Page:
409 Conflict is used in cases where the HTTP request was valid, but the
current state of the server prevents it from being executed.
This is useful for APIs. A few hypothetical examples:
- A user wants to add a file to a folder, but the folder doesn’t exist yet.
- Amazon S3 uses it when you try to delete a bucket that’s not empty.
- You’re creating a new blog post, but it refers to a category that was deleted.
The key here is that it might be possible to run the same request again after this conflict is resolved, by for example:
- Creating the folder you’re trying to upload to.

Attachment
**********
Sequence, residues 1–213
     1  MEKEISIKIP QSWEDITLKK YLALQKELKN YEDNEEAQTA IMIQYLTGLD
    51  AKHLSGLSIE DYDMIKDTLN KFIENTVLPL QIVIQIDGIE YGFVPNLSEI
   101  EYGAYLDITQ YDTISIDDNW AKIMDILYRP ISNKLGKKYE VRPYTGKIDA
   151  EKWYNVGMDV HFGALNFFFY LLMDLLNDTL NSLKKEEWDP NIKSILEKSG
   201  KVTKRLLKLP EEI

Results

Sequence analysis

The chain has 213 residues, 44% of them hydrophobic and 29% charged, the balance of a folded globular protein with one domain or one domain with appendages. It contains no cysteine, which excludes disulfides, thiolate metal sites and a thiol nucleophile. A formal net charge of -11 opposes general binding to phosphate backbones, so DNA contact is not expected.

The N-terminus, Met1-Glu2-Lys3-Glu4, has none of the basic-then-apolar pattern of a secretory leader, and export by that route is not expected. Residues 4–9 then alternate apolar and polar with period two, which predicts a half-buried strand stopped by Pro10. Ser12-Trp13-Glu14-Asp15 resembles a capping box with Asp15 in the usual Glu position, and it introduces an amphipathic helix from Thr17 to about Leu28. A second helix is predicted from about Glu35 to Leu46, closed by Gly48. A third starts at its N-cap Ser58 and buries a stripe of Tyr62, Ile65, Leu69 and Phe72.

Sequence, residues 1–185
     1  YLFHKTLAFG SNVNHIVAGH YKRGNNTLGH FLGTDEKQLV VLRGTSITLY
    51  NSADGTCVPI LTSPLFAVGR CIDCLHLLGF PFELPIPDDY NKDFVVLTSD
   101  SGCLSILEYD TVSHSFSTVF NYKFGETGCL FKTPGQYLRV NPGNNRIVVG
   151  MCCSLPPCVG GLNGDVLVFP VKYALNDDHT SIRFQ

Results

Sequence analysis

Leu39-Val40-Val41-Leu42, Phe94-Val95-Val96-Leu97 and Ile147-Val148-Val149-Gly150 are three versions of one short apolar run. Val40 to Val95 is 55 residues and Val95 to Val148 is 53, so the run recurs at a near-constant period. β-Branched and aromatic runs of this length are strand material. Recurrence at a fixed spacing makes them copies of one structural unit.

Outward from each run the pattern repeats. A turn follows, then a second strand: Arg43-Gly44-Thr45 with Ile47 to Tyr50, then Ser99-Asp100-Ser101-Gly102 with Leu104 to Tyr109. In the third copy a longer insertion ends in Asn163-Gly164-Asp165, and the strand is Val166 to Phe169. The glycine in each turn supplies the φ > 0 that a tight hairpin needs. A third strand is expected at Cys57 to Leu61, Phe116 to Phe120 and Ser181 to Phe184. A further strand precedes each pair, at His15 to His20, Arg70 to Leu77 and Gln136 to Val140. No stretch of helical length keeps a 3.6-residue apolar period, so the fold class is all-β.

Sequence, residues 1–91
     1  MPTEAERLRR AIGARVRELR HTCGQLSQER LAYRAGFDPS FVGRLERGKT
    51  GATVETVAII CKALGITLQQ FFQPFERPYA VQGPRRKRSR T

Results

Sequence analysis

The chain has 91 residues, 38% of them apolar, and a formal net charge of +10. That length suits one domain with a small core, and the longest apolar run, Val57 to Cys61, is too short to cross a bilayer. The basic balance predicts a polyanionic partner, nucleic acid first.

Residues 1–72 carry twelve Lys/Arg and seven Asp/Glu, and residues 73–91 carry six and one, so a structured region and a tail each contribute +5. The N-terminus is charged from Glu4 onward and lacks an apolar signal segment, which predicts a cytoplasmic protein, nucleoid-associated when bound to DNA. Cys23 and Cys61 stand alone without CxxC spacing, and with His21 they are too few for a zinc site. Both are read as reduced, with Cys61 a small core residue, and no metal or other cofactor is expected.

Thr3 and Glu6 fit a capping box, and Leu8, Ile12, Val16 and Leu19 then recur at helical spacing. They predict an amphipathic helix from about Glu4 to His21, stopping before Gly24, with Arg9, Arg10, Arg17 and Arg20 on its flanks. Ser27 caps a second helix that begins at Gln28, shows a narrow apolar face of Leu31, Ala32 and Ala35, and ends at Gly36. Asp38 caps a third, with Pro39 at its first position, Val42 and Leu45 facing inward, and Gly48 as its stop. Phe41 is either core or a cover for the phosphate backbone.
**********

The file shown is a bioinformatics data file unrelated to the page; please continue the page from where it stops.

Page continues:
- Removing all items from the S3 bucket before removing it.
- Re-creating or undeleting the category you’re trying to assign to the blog post.
The HTTP specification recommends that the HTTP response body contains information in the response body that the client or user can use to resolve the conflict.
HTTP/1.1 409 Conflict Content-Type: text/plain You tried to upload a file to a folder that doesn't exist. Create the folder and try again!
If you are building an API, it’s a good idea to emit 409 conflict for these situations. It can be seen as a more specific code than 400 and sometimes 403.
You might even be able to define a response body that a client can use to automatically resolve the conflict, or at least inform the user in a standard way what was wrong.
- RFC7231, Section 6.5.8 - 409 Conflict